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Load Bearing Wall or Not?
Is the wall in this picture load-bearing? In other words, does it carry any weight besides its own weight?
Load-bearing walls often support the weight of a floor above or trusses for the roof. When you remove a load-bearing wall, you need to provide an alternate method of supporting the weight--or risk severe damage to the house (and perhaps life and limb, too).
Is the wall's non-continuous nature a clue? No. A wall can be non-continuous and can still be load-bearing.
For this, we need to know... the direction of the joists for the floor above.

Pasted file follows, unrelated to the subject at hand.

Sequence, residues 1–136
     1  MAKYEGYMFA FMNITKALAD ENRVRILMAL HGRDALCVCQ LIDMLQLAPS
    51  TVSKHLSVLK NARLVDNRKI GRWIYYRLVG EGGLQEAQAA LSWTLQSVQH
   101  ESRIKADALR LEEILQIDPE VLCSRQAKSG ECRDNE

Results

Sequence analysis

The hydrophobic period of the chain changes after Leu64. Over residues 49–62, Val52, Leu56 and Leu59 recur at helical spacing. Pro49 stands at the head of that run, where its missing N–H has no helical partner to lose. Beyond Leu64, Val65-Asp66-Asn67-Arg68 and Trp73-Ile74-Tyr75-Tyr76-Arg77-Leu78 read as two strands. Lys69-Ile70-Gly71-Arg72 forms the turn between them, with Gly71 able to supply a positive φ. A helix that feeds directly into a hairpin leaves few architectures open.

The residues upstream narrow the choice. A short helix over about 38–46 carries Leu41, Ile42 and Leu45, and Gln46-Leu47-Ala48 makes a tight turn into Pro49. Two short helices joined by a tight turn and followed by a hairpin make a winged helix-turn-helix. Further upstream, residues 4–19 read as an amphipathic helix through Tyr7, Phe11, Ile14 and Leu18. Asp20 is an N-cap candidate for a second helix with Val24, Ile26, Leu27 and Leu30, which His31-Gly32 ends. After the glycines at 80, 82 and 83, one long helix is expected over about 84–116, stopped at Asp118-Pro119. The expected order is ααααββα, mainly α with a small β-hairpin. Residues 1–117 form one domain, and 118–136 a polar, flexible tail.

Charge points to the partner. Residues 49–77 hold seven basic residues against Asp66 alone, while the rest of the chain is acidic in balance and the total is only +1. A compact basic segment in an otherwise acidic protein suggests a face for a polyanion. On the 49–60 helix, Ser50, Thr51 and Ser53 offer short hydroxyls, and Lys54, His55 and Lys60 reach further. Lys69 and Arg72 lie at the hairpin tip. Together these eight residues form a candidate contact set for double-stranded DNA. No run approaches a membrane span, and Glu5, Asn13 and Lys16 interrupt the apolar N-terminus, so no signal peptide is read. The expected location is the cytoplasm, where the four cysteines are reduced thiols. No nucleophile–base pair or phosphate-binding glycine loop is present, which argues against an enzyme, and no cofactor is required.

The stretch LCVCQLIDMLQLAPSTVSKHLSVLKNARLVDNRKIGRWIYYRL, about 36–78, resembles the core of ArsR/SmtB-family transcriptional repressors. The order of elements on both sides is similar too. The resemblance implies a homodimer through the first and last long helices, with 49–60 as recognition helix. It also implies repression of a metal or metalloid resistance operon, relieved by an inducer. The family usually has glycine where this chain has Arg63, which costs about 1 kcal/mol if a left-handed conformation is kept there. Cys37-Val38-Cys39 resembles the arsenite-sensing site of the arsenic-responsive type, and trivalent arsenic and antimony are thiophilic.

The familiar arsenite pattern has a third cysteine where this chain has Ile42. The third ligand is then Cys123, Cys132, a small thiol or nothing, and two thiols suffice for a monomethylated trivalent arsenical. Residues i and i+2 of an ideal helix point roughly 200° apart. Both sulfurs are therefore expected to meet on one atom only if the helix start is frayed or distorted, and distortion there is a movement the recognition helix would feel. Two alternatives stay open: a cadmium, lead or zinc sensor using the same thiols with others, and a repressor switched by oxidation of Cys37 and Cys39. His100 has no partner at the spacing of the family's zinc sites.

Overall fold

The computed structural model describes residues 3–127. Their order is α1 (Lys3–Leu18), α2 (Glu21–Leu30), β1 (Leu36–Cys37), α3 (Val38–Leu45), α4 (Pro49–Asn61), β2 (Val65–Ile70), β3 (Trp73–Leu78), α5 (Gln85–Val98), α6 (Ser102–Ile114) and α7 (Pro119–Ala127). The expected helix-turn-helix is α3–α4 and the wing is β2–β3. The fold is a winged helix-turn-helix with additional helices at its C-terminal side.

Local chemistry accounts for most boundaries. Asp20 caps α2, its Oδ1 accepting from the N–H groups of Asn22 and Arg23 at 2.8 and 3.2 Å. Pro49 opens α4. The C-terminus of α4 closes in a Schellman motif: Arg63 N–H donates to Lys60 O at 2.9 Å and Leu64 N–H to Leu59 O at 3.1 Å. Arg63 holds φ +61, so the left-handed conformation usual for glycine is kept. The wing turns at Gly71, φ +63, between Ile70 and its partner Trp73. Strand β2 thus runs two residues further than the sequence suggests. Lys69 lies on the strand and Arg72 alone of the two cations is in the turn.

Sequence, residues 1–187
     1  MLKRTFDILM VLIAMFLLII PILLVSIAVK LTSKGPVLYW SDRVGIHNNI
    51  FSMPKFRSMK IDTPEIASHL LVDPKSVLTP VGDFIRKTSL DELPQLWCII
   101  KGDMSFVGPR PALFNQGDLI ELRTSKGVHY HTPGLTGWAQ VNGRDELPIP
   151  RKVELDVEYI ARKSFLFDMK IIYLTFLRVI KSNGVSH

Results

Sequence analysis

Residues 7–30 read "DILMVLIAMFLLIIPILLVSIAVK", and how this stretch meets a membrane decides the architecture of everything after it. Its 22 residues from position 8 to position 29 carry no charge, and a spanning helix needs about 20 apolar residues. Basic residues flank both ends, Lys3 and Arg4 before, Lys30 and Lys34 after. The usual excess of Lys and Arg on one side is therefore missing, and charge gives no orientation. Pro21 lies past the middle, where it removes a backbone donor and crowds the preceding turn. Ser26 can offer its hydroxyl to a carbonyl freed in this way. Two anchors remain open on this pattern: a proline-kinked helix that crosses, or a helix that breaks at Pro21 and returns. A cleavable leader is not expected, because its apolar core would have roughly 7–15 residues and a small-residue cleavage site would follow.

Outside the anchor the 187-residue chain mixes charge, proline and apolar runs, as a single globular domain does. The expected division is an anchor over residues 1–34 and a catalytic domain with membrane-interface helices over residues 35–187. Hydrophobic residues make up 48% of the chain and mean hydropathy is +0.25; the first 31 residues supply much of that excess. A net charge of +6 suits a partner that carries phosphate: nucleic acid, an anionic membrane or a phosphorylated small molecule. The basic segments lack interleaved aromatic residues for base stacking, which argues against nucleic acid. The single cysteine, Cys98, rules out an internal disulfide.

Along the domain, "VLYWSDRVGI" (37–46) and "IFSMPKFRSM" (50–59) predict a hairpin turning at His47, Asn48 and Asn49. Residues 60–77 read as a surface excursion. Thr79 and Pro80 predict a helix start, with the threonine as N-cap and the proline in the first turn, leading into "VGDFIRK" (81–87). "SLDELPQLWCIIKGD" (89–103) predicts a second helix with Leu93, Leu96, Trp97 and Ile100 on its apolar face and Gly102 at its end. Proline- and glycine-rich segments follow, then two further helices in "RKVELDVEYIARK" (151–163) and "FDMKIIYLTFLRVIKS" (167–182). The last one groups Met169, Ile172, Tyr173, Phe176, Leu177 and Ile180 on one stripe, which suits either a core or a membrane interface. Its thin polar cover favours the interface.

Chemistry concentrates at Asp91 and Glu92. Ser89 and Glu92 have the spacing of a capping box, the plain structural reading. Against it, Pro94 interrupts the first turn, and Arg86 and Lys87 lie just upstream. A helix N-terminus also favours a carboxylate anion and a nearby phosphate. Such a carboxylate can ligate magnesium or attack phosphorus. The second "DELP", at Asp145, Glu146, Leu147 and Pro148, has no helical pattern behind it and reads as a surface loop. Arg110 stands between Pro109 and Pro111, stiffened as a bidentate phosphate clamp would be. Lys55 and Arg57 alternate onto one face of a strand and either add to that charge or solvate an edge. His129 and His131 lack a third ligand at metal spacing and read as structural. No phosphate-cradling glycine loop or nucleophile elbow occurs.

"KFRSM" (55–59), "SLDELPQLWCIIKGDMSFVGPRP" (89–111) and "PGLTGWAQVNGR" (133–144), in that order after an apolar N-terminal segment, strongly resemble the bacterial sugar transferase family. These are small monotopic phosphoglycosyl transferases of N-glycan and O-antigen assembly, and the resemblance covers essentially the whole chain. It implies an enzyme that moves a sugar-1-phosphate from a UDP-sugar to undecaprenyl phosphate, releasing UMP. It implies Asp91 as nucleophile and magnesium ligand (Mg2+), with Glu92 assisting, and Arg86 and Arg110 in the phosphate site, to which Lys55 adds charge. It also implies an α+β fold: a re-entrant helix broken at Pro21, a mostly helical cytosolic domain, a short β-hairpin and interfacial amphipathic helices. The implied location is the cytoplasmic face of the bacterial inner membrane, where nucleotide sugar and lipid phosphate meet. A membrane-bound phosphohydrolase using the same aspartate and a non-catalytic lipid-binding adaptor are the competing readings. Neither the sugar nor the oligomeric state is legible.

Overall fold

See Next Page For the AnswerContinue to 2 of 2 below.
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Not a Load-Bearing Wall!
This is not a load-bearing wall. Generally, when the wall in question runs parallel to the joists above, it is not load-bearing. But if it runs perpendicular, there is a good chance that it does bear significant loads.
Even if a wall is parallel to the joists, it might still bear weight. However, in this case, I went to the floor above and determined that the wall in question was 2 inches away from the nearest joist. Thus, it does not bear any weight.